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Robin Etter-Cleave

I grew up in Sackville, a town in New Brunswick, one of the Maritime provinces of eastern Canada. Sackville is a lovely little town with Mt. Allison University and a population of about 5400 people. It is situated just 50 kms away from Springhill, Nova Scotia, where Anne Murray grew up. I remember loving her music and being in awe of her. I played her Snowbird over and over again and never grew tired of listening to it. Anne put our side of Canada on the map! I’m sure I wouldn’t find a Maritimer who wasn’t proud of our Anne Murray!

My family of Mum, Dad and my sister Lorraine didn’t play music together, although Lorraine played the piano and Mum loved to sit down at the piano or organ and play by ear. It looks like my prowess in music may have come mainly from my Mum’s family and some from my dad’s family. Dad died in 1977 and we had never talked much about his family, but I’m told that he had a few muso relations. So I guess some of my interest in music may be inherited, but I know that I owe a lot of my love and success in music to the environment that I grew up in.

The first instrument I played was the violin. As a kid of about 5 or 6, I was part of a violin group in town that was given an opportunity to perform live on T.V. In those days, live really meant live, so we couldn’t watch the performance after we finished playing. My memory of this performance was of me playing my violin and having an itchy spot on my leg just below my knee. So, as we all know how good us girls are at multi-tasking, I scratched my itchy leg with my other foot, (and didn’t miss a beat with my playing!). The camera was straight on me at the time and after the performance, I can’t remember my mother commenting on how the performance was, but I do remember her being in stitches of laughter and shaking her head as she described my balancing act. So there it was – my career in music was kick-started!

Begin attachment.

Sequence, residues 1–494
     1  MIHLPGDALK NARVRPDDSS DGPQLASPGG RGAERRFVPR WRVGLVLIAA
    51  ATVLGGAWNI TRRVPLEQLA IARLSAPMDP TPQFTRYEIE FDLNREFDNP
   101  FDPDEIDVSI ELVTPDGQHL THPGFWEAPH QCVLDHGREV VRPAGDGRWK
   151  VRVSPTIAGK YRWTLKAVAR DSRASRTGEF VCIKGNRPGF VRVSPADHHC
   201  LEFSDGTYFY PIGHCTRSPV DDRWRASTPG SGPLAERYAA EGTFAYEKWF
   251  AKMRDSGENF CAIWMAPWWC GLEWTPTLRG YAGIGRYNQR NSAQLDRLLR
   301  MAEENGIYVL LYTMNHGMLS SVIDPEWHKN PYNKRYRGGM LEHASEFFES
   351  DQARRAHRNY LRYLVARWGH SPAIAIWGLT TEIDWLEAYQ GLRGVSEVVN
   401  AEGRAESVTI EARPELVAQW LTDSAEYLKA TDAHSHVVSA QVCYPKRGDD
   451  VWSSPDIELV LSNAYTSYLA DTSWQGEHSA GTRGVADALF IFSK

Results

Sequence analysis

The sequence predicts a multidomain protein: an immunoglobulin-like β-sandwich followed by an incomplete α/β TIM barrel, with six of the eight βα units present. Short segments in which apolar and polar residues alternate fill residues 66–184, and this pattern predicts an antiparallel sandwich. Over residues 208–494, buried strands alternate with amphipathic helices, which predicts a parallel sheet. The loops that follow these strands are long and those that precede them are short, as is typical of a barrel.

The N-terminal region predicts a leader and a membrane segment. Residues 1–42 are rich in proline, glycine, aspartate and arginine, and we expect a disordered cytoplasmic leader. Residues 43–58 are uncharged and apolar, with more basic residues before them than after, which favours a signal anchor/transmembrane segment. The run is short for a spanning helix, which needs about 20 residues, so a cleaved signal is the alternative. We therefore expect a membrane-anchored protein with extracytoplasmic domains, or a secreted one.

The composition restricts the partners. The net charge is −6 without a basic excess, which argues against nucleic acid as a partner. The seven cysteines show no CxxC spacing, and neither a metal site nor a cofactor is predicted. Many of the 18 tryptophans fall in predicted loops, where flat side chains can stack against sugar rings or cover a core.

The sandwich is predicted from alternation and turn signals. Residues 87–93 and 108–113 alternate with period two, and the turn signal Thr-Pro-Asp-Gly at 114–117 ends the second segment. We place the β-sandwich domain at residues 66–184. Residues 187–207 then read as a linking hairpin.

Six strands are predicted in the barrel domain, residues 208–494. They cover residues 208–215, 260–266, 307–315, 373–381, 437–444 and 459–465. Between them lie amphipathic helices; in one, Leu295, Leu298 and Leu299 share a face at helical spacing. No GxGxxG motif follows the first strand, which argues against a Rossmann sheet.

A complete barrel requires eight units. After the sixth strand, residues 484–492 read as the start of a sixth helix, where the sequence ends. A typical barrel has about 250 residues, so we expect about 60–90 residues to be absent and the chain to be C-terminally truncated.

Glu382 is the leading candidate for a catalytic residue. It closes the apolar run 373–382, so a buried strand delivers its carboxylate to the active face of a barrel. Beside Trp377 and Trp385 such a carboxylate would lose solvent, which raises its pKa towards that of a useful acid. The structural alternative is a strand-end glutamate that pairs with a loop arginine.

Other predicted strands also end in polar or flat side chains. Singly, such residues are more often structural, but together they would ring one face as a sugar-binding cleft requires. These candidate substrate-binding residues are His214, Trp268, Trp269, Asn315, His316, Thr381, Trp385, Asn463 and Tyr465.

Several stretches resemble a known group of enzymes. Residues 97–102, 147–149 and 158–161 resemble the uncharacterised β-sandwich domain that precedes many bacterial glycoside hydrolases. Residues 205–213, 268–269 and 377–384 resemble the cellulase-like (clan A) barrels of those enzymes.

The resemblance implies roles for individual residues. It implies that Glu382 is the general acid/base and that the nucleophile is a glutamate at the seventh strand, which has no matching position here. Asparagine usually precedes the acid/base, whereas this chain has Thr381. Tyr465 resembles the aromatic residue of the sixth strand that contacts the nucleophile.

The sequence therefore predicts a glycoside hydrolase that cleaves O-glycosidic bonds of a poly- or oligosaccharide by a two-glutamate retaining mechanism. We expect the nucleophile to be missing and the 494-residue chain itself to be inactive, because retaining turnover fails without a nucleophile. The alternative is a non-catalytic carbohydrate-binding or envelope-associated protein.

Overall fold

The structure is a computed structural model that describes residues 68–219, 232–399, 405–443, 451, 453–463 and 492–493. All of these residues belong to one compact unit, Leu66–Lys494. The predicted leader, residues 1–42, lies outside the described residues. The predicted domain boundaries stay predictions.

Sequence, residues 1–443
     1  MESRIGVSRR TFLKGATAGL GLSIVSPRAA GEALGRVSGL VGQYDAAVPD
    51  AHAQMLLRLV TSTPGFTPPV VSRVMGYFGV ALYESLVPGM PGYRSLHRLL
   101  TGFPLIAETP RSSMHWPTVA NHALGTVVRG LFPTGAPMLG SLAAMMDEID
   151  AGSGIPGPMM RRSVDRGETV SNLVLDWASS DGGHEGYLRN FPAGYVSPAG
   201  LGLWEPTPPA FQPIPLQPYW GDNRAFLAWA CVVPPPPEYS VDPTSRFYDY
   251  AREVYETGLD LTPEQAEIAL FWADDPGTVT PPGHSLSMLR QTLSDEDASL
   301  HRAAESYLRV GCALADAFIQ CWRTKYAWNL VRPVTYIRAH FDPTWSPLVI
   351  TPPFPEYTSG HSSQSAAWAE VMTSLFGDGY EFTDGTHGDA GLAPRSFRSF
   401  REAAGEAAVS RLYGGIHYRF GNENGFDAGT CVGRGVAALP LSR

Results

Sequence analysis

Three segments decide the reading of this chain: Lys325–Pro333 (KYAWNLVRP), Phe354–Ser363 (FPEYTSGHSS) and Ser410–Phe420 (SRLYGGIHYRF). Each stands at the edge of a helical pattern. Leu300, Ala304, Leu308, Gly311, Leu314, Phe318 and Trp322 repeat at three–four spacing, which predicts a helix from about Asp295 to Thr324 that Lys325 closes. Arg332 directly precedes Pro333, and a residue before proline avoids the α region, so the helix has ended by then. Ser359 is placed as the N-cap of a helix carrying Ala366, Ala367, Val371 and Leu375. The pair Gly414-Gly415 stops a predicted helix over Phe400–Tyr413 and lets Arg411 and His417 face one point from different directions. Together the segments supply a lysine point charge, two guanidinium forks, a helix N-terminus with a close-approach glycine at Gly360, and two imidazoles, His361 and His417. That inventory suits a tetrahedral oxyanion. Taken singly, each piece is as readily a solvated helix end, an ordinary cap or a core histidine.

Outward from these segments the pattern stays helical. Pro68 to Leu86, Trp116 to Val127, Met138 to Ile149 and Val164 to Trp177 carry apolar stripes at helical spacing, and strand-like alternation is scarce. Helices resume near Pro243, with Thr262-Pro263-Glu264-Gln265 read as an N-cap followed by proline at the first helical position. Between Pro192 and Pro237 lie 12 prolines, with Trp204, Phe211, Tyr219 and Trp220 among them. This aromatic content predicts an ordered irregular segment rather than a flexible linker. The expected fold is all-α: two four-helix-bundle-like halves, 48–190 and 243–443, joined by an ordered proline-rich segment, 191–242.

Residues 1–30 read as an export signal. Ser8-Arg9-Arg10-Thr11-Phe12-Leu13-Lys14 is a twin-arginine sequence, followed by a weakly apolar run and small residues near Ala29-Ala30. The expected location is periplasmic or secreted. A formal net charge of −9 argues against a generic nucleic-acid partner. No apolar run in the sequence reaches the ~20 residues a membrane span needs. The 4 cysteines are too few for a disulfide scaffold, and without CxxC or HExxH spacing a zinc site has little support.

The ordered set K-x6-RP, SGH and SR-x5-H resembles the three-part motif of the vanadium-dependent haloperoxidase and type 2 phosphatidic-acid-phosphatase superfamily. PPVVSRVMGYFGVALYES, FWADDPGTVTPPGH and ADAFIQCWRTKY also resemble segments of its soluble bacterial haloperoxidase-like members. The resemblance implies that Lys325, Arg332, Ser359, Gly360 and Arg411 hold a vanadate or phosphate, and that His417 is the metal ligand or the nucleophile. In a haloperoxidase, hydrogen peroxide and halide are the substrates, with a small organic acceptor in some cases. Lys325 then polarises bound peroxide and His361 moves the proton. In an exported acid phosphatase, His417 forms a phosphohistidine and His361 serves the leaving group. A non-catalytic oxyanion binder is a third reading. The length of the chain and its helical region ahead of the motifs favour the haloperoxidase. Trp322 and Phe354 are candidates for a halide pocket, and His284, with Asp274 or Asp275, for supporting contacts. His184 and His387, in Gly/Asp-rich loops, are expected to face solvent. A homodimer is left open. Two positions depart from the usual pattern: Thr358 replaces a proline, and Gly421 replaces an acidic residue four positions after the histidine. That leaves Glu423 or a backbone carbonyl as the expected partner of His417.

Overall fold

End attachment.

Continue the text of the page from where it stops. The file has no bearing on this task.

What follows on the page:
A few years after starting the violin, I began playing the piano, and loved it. We had a songbook with all the hits of the time that I liked playing during the next few years and Mum loved to hear me play some of her favourites like Five Foot Two, Moon River and The Beatles’ Yesterday.

Sometime between grades 4 and 7, I began playing the guitar. Mum loved Tammy Wynette’s D-I-V-O-R-C-E and she always asked me to play that for her friends. I was much happier to launch into my favourites like Where Have All The Flowers Gone and Dylan’s Blowin’ In The Wind! But nevertheless, I did the good daughter thing!

In school, I played the clarinet for a couple of years and then changed to flute – I loved the sound of the instrument. In grade 12, some of my friends and I put a band together and we played in town a bit doing covers like Evil Woman and Elton John’s Daniel. We had a great time!